Today my guest is the very talented Juliet Madison, author of Romagic Comedy, Women’s Fiction and YA Fiction. She’s not yet celebrated 12 months as a published author, but in that time has managed to release 2 Novellas and 3 Novels! Busy lady.
Today also heralds the beginning of a new type of post for my blog – Writer’s Craft Corner, where we will discuss the craft of writing and hopefully pass along a few tips.
However, in celebration of Juliet’s newest release, The January Wish, which will be followed up next month with another newbie, February or Forever, here’s Juliet with some craft tips for us…
5 Ways to Choose Character Names
I love this part of writing, coming up with new characters. It’s like having kids but without the pain and sleep deprivation. Here are some ways to help choose character names:
1. Random, first name that comes to mind: Many of my characters are chosen this way. I simply choose the name that pops into my head if it suits the character and story. Not all are that easy though, some take a bit more work and consideration.
2. Ask on social media for ideas: Online friends are a great source of ideas, so ask away! Many are happy to help as it can be fun to come up with character names. You can brainstorm as many names as possible and then create a shortlist for first name and surname, or even get readers to vote on their favourite.
3. Hold a competition: Similar to the above, invite people to submit their choice for a name, and put all contributions into a draw for a prize. If you choose one of the suggestions, that person wins, or if more than one person has suggested the chosen name, you can put them into a random draw to pick a winner. Perhaps the winner can receive a copy of the book when it’s released, or a previous book.
4. Look up ideas: Use baby name books, name websites, the phone book, movie credits..etc, anywhere there is a list of names. Highlight those that catch your attention, then choose the most appropriate, or again, get feedback or votes from others to make the final decision. Remember to choose names that suit the character’s age… you can work out what year they may have been born and look up popular names for that year, so that your choice is suitable to the era in which they were born.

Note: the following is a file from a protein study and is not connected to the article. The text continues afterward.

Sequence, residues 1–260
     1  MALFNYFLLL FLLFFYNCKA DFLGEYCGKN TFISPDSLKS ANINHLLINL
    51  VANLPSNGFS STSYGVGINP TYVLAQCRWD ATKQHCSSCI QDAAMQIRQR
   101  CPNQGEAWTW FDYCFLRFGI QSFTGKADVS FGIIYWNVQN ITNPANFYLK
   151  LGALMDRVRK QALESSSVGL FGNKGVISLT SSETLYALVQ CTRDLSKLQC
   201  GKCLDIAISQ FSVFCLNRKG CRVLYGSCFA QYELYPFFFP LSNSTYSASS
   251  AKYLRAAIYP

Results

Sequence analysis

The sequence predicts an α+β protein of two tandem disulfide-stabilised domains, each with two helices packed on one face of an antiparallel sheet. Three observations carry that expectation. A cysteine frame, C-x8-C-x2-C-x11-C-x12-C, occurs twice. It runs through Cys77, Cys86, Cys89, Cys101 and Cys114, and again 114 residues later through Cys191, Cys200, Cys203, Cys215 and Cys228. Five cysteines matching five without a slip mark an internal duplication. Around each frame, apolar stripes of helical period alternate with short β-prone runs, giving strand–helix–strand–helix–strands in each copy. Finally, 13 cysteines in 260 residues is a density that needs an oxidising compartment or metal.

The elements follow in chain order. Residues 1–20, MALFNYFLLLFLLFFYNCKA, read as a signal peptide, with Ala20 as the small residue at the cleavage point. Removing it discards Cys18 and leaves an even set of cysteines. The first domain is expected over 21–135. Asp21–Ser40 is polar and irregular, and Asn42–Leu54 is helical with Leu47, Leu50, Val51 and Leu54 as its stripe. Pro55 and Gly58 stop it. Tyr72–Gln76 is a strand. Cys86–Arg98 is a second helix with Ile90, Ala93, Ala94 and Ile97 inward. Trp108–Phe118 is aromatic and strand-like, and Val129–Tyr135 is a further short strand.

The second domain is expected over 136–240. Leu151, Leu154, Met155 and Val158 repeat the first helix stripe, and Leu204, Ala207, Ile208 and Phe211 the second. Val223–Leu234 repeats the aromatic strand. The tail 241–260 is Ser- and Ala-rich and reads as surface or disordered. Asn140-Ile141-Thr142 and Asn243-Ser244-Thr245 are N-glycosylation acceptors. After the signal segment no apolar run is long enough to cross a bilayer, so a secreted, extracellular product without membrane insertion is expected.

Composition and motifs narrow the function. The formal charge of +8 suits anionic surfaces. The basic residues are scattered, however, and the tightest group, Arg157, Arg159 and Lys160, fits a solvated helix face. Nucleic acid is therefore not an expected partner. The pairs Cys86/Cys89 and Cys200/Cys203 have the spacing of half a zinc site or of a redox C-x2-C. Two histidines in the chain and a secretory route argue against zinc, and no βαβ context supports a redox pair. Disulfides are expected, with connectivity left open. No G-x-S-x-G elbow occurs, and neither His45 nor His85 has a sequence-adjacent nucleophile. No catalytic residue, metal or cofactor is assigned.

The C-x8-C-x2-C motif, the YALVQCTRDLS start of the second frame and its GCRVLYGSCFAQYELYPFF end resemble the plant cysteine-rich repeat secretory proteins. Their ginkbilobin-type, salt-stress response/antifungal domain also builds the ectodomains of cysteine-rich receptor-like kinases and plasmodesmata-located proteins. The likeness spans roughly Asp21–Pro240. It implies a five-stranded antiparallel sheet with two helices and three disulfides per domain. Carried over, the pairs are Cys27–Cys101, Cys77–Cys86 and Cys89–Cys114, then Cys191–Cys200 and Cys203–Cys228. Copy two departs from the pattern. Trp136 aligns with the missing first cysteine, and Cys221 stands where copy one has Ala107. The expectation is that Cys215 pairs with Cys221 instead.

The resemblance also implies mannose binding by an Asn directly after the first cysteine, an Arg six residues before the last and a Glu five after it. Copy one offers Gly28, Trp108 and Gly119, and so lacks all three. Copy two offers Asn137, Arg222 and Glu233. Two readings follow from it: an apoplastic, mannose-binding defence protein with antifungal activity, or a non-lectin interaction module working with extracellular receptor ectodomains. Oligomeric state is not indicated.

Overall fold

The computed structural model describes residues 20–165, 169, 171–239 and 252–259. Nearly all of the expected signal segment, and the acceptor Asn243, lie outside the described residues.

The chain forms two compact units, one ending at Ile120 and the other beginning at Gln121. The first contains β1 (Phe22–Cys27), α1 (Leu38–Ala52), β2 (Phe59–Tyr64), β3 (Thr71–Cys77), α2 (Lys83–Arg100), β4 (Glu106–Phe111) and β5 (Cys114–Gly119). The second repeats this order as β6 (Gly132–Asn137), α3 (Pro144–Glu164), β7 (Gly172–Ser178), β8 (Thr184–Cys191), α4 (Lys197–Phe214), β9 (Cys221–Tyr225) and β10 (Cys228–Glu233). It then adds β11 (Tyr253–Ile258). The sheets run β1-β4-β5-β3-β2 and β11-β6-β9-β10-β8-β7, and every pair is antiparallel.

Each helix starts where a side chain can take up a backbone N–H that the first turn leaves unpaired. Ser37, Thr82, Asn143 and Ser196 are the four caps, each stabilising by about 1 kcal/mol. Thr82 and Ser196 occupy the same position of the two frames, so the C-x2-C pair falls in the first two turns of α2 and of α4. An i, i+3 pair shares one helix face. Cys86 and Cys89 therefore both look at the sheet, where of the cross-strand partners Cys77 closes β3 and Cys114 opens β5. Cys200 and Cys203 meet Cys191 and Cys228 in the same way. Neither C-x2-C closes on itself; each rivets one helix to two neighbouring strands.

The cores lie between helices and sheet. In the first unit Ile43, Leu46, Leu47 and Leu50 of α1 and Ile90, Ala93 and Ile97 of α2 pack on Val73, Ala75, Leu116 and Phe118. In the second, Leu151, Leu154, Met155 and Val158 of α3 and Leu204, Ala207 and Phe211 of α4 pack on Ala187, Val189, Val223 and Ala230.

5. Find one with a deeper meaning for your story: This is an interesting way to find a suitable character name. Think of the traits your character possesses, or something meaningful about their heritage or the themes of the storyline, then look up names that mean those things. This can be a fun way of adding an extra element to your book. For example, if your character has warrior traits, he could be called Alex which means warrior or defender.
In my new novel, THE JANUARY WISH, I used tip number 1: the names popped into my head. Dr Sylvia Greene, Mark Bastian, and Grace Forrester. But now that I’ve written more books I’m finding I need to think a bit more carefully about names!
Writers, how do you choose your character’s names? Readers, have you ever read a book where you really disliked the character’s name?,
Thanks Juliet – great advice. I struggle at times with names, and change them often! I use the online registry for Births, Deaths and Marriages to determine which names were popular in a certain year or decade for authenticity.
THE JANUARY WISH
When Dr Sylvia Greene makes an impromptu wish at the Tarrin’s Bay Wishing Festival, it’s the most out of character action she can think of. Hers is not a life of wishes. Hers is a controlled life of order, plans and preparation…of science and research and diagnosis and treatment. But her past has been weighing on her mind, and decisions made long ago have far-reaching consequences.
A week later, the daughter she secretly gave up for adoption at sixteen arrives in Sylvia’s small coastal town with secrets that can’t be shared. Between feelings of guilt, gossip, and a growing attraction to an emotionally unavailable colleague, Sylvia’s well-ordered life is soon thrown into chaos. She is no longer alone, and for the first time she feels as if her world is open to possibilities.
They say be careful what you wish for, but, for Sylvia, the unexpected consequences may be just what the doctor ordered.
Buy THE JANUARY WISH from all good ebook retailers:
>> WIN! Enter via Rafflecopter below to win a $25 Amazon gift voucher and a coastal photographic print of the setting of The January Wish. Competition is open worldwide and the winner will be drawn at the beginning of February.